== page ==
I started with Hannah Glasse’s curry recipe for Butter Chicken, but spiced it up just a bit. My use of spices in the recipe as written below still could use some pepping up, I think. Let me know what spices you will use in Butter Chicken.

Colonial Butter Chicken

Serves 3-4
Prep time 10 minutes
Cook time 35 minutes
Total time 45 minutes
Allergy Milk
Dietary Gluten Free
Meal type Main Dish
Misc Serve Hot
Region Asian

Ingredients

  • 1 1/2lb chicken breast (cut in one inch chunks)
  • 1/4lb butter ((one stick))
  • 1 onion (chopped)
  • 1 tablespoon powdered ginger
  • 1/2 teaspoon Pepper
  • 1 teaspoon coriander
  • 1 teaspoon cumin
  • 1 tablespoon turmeric
  • 1/2 teaspoon sumac
  • 1 tablespoon garlic (finely chopped)
  • 1 1/2-2 cup chicken broth
  • 3/4 cups orange juice ([or use lemon juice])
  • 1/2 cup half and half

Directions

1. Melt the butter in a skillet, brown chicken slightly. Be careful not to overcook--just get rid of all pink.
2. Remove chicken from pan and add onion to saute until soft.
3. Add spices and garlic and stir about one minute.
4. Put chicken back in pan and pour broth over--just about covering.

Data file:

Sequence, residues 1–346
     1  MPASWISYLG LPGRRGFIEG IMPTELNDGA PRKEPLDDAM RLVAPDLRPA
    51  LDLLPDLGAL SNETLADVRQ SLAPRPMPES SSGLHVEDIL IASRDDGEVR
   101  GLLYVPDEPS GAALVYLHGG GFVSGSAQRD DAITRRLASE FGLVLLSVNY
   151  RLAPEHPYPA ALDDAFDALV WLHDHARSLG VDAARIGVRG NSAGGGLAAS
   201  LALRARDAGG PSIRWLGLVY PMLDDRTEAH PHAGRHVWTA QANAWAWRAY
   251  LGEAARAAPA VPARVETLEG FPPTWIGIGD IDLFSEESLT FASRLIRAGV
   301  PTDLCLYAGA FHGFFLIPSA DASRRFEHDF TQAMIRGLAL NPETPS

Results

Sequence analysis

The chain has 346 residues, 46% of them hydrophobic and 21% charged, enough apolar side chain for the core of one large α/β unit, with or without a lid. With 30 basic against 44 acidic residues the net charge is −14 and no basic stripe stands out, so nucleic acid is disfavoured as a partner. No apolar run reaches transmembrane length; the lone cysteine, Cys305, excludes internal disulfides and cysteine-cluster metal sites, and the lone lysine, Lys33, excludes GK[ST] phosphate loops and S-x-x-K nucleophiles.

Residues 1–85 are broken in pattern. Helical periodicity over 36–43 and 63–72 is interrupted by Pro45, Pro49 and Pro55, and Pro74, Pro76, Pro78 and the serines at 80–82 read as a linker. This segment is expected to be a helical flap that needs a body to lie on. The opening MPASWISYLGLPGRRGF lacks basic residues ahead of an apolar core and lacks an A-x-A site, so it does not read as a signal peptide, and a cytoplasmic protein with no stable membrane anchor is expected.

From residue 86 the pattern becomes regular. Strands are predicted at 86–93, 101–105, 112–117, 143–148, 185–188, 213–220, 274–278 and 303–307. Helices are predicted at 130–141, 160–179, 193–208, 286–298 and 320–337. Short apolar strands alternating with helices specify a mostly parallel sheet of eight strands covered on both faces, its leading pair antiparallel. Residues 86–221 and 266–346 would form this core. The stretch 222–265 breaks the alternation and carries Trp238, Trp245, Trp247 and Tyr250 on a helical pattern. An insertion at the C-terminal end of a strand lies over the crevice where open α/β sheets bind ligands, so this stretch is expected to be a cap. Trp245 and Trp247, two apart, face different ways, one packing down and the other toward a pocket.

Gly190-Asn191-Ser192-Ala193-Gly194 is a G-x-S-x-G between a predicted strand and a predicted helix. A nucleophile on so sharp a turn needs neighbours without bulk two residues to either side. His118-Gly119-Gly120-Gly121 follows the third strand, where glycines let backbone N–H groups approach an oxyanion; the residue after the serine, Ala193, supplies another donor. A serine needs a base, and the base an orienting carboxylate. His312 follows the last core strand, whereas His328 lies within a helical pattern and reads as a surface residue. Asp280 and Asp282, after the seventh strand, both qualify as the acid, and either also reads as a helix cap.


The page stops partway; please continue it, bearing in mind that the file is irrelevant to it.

5. Turn heat down and simmer about 20 minutes.
6. Add cream and juice, stir well until warm, then remove chicken again.
7. Bring liquid to a boil and reduce until you get desired thickness.
8. Stir chicken in briefly to warm, then spoon over rice. Sprinkle with sumac powder.
P.S.  Pereg Gourmet sent me several spices plus dried Lemon Verbena so that I could try them out and share them with you.  This gift is welcome, but does not affect my opinion.  I had not heard of Pereg, even though they have been around since the early twentieth century, but I am glad to learn about them.  Their spice jars are much bigger than the usual ones on my shelf and the prices seem very reasonable.

Perez big spice jars

Comparing the size of most spice jars on my shelf with the standard size of a Pereg spice jar.

This size difference is a mixed blessing.  Since the price for the large Pereg jar is the same or less than the normal size, they are a bargain. However, I don’t generally use up a jar of spice before it is a year old–the time period in which most should be replaced.  And secondly, storage becomes a problem because the large jars do not fit on my standard spice shelves, and hog space in a drawer.

On the plus side for Pereg, they have an amazing variety of mixes ready to go for many kinds of cuisine.  If you feel like experimenting and don’t want to invest in ten different herbs and spices they’ve got you covered.  They carry a lot of spices that I have not seen routinely on my grocer’s shelf–like the Sumac and in the very top picture the fenugreek seeds.  If you shop their website, you may be inspired to try some very different kinds of cuisine.